Comprised of a series of vignettes, bridged by music and deft changes of scene, the play offers a fresh and colorful interpretation of biblical events and figures. As the action begins we meet the aged Joseph, a long-time widower, who, being unmarried, is forced by law to take the young Mary as his bride. All things considered he is bemused and bewildered when she becomes pregnant, although he agrees to accept the child, Jesus, as his son. As for the miracles which begin to occur from infancy on, Joseph is quizzical about these too, and when Jesus grows into a rebellious and confused teenager Joseph's annoyance at the boy's "tricks" deepens. As the various episodes are played out, however, a moving family drama emerges, and the touching humanity of both the old man and the young boy are made real in a way which only the living theatre, and the "Bible of the Folk," could capture and set forth.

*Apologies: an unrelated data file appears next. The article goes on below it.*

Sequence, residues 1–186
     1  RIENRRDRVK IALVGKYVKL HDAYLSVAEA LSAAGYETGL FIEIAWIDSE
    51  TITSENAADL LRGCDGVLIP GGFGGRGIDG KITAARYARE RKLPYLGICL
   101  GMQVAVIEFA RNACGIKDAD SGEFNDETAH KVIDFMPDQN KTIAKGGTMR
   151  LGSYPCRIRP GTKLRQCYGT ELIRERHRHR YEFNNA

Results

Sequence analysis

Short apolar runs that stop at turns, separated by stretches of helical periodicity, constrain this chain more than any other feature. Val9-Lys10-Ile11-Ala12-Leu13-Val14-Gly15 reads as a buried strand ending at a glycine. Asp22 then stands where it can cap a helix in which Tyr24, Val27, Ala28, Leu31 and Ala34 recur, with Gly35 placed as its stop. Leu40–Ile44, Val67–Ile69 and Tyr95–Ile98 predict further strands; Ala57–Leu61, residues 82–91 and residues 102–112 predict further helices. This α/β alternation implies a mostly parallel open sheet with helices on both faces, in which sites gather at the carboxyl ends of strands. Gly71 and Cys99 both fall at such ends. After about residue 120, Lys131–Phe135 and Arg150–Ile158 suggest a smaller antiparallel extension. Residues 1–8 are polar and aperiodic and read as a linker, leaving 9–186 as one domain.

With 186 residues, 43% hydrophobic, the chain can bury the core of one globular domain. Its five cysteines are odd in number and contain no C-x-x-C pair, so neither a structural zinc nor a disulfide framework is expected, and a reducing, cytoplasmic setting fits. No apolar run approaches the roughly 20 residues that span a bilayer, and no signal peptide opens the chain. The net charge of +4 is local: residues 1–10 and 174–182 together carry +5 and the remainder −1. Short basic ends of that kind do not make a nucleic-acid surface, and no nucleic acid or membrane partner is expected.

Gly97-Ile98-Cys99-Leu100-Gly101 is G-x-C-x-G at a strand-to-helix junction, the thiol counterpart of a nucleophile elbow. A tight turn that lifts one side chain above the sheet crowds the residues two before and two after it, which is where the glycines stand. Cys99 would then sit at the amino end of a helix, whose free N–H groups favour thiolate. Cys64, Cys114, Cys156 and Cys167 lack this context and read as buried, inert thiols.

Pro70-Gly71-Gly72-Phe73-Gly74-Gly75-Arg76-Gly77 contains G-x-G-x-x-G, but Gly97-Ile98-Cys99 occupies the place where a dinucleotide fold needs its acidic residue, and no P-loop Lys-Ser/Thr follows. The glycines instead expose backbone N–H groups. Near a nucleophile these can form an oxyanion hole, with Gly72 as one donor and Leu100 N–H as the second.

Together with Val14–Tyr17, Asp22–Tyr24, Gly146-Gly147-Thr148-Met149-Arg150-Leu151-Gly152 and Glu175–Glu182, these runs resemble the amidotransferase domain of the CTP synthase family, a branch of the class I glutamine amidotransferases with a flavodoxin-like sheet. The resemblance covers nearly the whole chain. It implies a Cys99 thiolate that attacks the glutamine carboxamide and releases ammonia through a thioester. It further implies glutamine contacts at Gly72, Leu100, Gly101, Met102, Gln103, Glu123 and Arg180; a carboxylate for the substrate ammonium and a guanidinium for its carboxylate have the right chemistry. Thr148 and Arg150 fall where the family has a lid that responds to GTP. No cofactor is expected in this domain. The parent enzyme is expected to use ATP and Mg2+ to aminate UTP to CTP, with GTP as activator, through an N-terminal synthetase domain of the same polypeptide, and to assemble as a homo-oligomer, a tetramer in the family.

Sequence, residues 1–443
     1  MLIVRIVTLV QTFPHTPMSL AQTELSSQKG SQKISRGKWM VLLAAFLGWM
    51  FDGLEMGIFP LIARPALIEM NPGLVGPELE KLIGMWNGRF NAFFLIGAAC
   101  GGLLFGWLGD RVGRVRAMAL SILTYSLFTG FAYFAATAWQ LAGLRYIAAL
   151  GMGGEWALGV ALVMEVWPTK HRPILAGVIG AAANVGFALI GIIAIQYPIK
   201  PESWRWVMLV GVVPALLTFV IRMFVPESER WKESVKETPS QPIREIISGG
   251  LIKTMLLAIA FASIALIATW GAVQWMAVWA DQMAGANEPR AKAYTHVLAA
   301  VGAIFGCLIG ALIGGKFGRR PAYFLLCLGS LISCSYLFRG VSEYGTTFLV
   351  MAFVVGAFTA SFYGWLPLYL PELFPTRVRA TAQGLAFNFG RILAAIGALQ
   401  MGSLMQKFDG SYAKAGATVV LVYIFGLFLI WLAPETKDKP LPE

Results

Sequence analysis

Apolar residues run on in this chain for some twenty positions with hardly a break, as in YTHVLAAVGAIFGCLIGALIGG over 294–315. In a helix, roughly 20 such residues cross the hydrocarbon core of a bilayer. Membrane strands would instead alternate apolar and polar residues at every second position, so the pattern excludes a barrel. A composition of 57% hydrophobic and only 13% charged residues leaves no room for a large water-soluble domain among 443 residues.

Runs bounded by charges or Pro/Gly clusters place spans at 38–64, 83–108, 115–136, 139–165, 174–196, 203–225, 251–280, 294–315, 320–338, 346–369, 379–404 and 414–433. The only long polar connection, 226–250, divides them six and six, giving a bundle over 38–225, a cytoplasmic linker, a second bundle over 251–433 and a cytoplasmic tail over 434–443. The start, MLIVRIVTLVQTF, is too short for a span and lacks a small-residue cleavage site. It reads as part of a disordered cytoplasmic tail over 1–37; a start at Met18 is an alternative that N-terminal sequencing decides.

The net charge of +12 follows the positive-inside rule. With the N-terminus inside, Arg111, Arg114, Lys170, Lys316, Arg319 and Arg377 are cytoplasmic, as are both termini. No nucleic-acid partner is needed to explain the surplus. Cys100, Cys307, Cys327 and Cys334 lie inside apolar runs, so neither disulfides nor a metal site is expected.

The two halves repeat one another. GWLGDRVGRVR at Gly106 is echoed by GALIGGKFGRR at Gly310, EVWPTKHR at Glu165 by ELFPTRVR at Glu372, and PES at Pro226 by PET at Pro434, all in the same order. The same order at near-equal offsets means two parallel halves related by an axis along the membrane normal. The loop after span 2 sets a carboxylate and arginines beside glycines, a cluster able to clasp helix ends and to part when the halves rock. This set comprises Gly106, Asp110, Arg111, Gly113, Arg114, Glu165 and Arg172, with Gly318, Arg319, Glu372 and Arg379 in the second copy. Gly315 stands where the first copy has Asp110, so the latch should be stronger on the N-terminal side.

A warm-hearted amusing and frequently touching dramatization of stories from the New Testament Apocrypha, which is sometimes termed the "Bible of the Folk." First presented by New York's prestigious Chelsea Theater Center (in collaboration with the Colonnades Theatre Lab), the play uses the simplest of means to achieve a high degree of theatricality and a rich variety of acting roles. "The style in which these folk legends are presented is blithely blasphemous and applecheek cheerful—not unlike the hippy happiness of Godspell." —NY Tribune "…a playwright capable of ambitious and explorative work…" —NY Times.